Death of The King Cover Art

When thinking of cover art for this album, the last in the Songs For… Trilogy, I had to dig deep. I had to ask myself “who was the king and why was I killing him?” I’ve begun to answer that question via interviews with True and through tweets and the like. To get to the end of a journey with any sort of lessons learned, we must attempt to correct our mistakes. Through this correction, we sometimes have to allow part of our self to “die,” as it was not healthy to continue with it. Part of my own spiritual and mental soul-searching in the aftermath of these three albums has to do with that.

“Who was the king and why am I killing him?”

The King, simply put, is me. No, I’m not committing suicide when this album finally drops or anything. Sheesh. But, what started as a trilogy to chronicle my life at the time, it’s become so much more. Death of The King revolves not only around the “death” of no-fi (and the “No-Fi King” persona of Speed on the Beat), it also revolves around a maturation of sorts. A man who’s been at his wit’s end time and time again finally reaching the point where he must change or die. As mentioned during my #FiveTilSongsFor posts, I’ve dealt with mental illness issues over the years. During the initial recordings of this album, then known as Unhinged, I was going through an increasingly dark point and realized I was destroying everything I’d worked for–personally and professionally–because I wasn’t fully aware of what was going on. The “why are you here” question brought up a few times during “Thanatos” is not only a rally cry for growth of others. It’s one for me.

I asked myself that question during those initial recordings, mainly because I’d just received an evaluation that resulted in my diagnosis as bipolar. “Why am I here?” I was lost and had no answers for how to rise above. But, eventually, after a lot of soul-searching, some therapy, and a slew of other things, I began to say “hey, how can I help myself work through this and not end up back at a point where I was suicidal or something crazy?” Thus, the album that’s known as Death of The King was born.

There it is again for those that missed it the first time.

Yes, it’s the “death” of the “no-fi”-steeped music people’ve come to expect from me. The album is crisper. It’s more focused, matured past a simple “no-fi king” mindset. Plus, shoot, it already sounds more “studio-friendly,” which was a gripe about some of my earlier work (thanks for the love nonetheless, Al Shipley). As artistically involved as the “no-fi” thing is, and as much as it’s been a part of my story thus far, it has hindered me. But, it’s also the “death” of that part of me that wanted to destroy everything because of the illness or wanted to use my illness as a scapegoat.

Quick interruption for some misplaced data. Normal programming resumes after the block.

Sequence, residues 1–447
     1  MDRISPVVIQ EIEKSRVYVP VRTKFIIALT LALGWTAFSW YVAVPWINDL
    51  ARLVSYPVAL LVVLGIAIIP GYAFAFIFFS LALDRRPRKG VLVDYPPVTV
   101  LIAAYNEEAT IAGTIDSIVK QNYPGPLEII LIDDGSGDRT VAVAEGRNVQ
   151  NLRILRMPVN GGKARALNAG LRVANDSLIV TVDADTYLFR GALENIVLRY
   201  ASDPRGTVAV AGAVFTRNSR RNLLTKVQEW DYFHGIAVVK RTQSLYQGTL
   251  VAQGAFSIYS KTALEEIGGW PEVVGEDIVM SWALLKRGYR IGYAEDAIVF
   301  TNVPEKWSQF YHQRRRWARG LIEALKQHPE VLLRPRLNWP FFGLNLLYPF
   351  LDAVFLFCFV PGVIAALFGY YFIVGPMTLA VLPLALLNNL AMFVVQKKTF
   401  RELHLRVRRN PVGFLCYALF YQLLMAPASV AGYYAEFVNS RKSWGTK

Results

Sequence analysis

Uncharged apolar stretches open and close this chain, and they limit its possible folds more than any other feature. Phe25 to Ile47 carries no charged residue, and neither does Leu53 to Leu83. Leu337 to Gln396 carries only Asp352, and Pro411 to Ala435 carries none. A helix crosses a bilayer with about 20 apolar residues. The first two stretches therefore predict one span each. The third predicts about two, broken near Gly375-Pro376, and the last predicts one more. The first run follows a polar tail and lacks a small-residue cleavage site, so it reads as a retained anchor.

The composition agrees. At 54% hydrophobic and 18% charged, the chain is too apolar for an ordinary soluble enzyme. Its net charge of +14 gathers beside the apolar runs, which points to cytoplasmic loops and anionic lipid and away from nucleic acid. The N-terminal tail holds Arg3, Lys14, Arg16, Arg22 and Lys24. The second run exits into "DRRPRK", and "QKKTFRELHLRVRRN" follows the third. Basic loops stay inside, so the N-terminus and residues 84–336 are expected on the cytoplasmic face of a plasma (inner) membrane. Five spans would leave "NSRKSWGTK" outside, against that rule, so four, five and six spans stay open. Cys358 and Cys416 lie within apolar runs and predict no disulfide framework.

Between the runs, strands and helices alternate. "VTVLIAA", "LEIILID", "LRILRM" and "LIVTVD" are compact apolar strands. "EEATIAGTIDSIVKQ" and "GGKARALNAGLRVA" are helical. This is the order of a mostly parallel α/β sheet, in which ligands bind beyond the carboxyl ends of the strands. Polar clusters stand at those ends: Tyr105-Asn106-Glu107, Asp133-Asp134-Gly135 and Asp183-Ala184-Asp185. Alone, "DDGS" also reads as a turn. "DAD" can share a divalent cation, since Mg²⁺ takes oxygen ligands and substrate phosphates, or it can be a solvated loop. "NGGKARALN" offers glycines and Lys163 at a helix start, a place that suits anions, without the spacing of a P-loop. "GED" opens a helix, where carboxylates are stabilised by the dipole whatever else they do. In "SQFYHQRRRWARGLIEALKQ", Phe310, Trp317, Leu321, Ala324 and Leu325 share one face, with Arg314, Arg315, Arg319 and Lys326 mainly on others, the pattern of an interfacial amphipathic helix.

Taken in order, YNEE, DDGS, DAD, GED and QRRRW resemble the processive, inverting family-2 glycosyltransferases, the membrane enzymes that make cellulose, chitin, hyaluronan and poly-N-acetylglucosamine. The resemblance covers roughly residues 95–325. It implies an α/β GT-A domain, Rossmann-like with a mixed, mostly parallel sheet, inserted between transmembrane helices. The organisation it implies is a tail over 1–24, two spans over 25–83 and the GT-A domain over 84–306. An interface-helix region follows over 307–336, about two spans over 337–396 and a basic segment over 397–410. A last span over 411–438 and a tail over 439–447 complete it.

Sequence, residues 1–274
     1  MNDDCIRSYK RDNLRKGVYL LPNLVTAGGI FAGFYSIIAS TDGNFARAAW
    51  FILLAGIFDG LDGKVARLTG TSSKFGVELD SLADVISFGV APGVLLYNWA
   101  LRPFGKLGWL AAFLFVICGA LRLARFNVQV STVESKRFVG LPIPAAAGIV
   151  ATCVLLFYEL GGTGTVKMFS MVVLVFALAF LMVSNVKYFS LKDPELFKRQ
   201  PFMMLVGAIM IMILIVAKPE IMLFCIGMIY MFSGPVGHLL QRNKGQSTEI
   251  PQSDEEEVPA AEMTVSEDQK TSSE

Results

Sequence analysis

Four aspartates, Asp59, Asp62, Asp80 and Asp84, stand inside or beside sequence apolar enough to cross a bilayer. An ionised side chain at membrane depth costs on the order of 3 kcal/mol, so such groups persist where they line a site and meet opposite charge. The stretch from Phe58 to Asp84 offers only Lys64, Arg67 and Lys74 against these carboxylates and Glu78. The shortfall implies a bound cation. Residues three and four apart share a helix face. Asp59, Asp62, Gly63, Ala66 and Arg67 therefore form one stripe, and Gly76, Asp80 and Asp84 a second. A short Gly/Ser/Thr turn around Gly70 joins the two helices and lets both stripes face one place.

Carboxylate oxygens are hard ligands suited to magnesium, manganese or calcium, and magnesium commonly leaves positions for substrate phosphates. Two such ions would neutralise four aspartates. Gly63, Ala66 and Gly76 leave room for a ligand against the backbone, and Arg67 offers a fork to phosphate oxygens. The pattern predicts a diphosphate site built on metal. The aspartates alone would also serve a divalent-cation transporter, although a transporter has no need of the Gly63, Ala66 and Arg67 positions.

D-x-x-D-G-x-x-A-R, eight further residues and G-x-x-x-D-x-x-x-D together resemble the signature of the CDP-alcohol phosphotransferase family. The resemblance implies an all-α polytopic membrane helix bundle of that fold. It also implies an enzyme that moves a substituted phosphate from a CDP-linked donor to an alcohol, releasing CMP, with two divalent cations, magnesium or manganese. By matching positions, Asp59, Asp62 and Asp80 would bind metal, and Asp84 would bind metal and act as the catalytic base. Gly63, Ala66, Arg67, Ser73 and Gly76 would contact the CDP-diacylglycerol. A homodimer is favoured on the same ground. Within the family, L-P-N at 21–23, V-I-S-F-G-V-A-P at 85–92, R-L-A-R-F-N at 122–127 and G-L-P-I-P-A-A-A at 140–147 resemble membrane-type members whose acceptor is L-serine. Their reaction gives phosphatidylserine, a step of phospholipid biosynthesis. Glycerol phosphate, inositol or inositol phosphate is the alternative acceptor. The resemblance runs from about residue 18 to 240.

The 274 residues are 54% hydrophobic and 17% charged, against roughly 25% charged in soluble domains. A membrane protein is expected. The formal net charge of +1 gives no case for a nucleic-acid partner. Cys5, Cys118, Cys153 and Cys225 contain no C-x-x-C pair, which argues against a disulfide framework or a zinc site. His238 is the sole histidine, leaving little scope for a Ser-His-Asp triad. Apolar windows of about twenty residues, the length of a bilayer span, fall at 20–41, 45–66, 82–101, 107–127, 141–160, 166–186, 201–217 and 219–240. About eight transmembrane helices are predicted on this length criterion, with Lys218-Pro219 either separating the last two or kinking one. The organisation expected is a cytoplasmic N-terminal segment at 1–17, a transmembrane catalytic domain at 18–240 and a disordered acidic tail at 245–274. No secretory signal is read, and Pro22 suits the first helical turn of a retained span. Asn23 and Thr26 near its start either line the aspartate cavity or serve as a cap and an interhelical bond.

The album art itself is a mashup of several concepts. First, the descent into madness portrayed in the #OneYearLater/#RAQUELRELOADED album (and art) is shown in the far background. It’s represented, as with #RR, by a “polar inversion” effect of the album art. In the background, there are photos of my son, representative of the rebirth, the Songs For… era. There is also a photo of a photo of my father, as used in the “Do Better” single art (representative of my roots and where I came from, how far I’ve come in the name of Speed, and how far I’ve still to do). In the foreground, I stand, obstructed by the words “Death of The King.”

Why? Because in order to be a K.I.N.G, you must “Kill the King.” You’ve got to “Keep Integrity, Never Guises,” as the outro of the album states. Never lie to yourself or others. If you need help, ask for it and don’t just wallow around and stew on messed-up situations. “The King” is the final obstacle in my path of greatness. And while it’s brought me recognition and the like, we eventually must rid ourselves of harmful parts, even if they seem helpful. Above my photo is the question “Why are YOU HERE?” amongst a sea of lyrics, representative of the struggle to find clarity when your inner voice is jumbled and is all over the place.

Now, as a person diagnosed as bipolar, I understand that my manic and depressive sides won’t just “go away.” Even with medication, that’s never going to happen completely. But I know that I’ve the power and the ability to keep everything in line and, well, keep (my) integrity (and) never guises.

Hopefully, you all have stuck with me through the Journey(s) of Speed. We’re almost in the homestretch and, without giving too much away, I promise there’s a happy ending. For me, and for everyone.

Death of The King releases August 17th, 2014. Yes, that’s a Sunday. And, yes, that’s my 26th birthday. Every year is a bit of a rebirth, so why not go full-tilt and revive yourself completely?

-Speed on the Beat, the No-Fi King, The K.I.N.G.

Speed on the Beat

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